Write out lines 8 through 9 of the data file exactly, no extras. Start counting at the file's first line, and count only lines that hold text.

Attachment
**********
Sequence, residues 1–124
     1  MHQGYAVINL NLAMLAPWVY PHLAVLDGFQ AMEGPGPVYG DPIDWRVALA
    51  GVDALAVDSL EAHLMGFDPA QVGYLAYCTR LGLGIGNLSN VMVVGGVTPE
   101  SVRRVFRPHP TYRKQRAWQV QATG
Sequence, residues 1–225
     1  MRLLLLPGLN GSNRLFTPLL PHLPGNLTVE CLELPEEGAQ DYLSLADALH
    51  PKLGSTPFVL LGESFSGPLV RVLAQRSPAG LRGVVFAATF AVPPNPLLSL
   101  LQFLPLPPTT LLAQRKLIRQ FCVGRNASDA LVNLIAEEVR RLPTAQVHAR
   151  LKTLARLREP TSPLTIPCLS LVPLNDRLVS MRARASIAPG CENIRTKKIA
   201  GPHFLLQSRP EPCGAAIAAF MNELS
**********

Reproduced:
   101  LQFLPLPPTT LLAQRKLIRQ FCVGRNASDA LVNLIAEEVR RLPTAQVHAR
   151  LKTLARLREP TSPLTIPCLS LVPLNDRLVS MRARASIAPG CENIRTKKIA